Her mother encouraged her at an early age to study music, and she was educated at eastern boarding schools, including the New England Conservatory of Music
New England Conservatory of Music
The New England Conservatory of Music in Boston, Massachusetts, is the oldest independent school of music in the United States.The conservatory is home each year to 750 students pursuing undergraduate and graduate studies along with 1400 more in its Preparatory School as well as the School of...

, from 1905-1910. On her first trip to the East her mother took her to New York to have her portrait taken by well-known photographer Gertrude Käsebier
Gertrude Käsebier
Gertrude Käsebier was one of the most influential American photographers of the early 20th century. She was known for her evocative images of motherhood, her powerful portraits of Native Americans and her promotion of photography as a career for women.-Early life :Käsebier was born Gertrude...

. Later when she decided to become a photographer, Gilpin asked Käsebier if she would be her mentor. Over the years they developed a life-long friendship.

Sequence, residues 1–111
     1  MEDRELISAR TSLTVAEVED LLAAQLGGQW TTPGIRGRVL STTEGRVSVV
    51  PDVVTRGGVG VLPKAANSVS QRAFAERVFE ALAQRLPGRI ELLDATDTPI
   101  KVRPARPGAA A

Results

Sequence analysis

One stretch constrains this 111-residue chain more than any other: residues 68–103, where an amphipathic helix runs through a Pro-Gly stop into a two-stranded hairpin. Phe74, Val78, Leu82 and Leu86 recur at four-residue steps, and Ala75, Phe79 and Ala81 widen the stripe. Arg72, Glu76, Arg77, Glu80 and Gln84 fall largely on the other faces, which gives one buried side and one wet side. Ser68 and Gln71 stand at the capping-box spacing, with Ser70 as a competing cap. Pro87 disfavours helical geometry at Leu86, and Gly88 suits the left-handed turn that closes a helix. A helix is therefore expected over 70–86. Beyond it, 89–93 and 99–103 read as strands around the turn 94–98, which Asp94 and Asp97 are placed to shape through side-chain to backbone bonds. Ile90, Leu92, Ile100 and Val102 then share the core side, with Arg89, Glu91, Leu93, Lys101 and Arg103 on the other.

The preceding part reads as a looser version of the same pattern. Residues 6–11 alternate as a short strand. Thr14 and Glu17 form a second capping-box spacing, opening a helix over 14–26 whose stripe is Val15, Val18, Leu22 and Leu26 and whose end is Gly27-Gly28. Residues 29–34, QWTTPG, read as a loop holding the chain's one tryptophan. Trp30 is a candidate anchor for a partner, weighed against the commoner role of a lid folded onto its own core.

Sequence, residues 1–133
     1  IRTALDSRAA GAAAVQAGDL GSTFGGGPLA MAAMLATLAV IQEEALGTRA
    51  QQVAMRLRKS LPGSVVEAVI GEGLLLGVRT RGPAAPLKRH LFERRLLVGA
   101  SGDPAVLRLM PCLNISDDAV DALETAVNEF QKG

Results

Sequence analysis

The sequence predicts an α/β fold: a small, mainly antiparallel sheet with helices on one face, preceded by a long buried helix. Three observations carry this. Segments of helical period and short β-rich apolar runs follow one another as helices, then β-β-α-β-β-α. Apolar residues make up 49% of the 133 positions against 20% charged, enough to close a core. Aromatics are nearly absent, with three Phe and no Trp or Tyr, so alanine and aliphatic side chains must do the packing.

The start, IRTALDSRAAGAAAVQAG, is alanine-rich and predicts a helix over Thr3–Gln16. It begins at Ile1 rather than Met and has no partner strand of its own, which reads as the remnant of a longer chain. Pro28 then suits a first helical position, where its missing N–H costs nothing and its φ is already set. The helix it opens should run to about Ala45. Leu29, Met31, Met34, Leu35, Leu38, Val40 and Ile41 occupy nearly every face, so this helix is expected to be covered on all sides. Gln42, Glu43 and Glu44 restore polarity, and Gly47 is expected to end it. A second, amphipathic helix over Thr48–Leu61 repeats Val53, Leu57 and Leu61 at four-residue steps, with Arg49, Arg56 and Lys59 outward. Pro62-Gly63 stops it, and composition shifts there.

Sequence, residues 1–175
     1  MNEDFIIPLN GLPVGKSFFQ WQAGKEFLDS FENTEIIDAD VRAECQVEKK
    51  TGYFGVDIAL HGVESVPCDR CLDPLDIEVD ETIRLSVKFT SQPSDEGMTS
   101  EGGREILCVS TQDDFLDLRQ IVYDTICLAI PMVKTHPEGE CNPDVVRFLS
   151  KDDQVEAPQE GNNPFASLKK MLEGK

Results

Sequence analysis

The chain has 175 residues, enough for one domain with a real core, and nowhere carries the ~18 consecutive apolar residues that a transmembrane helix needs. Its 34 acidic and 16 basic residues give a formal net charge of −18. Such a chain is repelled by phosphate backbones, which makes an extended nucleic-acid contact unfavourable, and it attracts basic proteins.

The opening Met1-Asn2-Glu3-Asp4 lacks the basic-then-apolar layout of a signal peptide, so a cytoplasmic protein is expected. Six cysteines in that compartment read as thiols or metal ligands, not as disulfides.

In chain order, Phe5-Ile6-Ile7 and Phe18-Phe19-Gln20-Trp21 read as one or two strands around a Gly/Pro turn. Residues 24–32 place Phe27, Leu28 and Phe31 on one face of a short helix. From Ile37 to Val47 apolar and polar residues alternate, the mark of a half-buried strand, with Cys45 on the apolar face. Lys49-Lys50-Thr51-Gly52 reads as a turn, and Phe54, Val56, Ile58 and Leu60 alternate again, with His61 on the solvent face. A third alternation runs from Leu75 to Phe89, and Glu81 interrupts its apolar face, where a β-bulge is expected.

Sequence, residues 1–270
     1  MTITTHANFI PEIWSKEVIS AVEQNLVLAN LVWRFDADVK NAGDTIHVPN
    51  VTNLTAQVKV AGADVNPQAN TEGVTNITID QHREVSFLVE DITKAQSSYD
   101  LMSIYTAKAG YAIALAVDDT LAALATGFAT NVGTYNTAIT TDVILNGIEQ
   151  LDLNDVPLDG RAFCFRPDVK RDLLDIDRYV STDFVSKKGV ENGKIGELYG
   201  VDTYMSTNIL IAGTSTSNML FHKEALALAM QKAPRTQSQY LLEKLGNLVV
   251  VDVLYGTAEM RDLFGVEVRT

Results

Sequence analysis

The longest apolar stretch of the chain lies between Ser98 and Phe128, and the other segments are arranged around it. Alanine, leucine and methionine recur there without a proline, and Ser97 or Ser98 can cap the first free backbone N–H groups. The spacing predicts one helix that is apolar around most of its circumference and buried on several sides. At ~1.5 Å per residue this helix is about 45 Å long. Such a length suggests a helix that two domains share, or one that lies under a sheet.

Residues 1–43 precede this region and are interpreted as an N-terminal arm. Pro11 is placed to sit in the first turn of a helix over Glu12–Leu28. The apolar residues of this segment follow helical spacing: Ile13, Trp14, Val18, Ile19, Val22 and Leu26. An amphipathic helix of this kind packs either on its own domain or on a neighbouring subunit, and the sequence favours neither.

When family finances declined (and the hoped-for musical talent did not develop), Gilpin returned to Colorado. She soon became friends with an acquaintance of her family William Jackson Palmer
William Jackson Palmer
William Jackson Palmer was an American civil engineer, soldier, industrialist, and philanthropist.-Overview:...

, a railroad and military man who helped develop rail-related industries such as steel mills in Colorado. He instilled a love of nature in her by taking her horseback riding and educating her in the names of plants and animals.

In 1916 she moved to New York to study photography, but she returned to Colorado Springs in 1918 after becoming seriously ill from influenza. Her mother hired a nurse, Elizabeth (Betsy) Forster, to care for her, and Gilpin and Forster became friends and, later, companions. She frequently photographed Forster during the more than fifty years they were together, sometimes placing her in scenes with other people as though she were part of a tableau she happened to come upon. They remained together, with occasional separations necessitated by available jobs, until Forster's death in 1972. After Gilpin recovered she opened her own commercial photography studio in Colorado Springs. She was moderately successful for a while, but in 1927 her mother died. She was left to care for her father who by that time moved from job to job.

She lived for a while in Wichita
Wichita, Kansas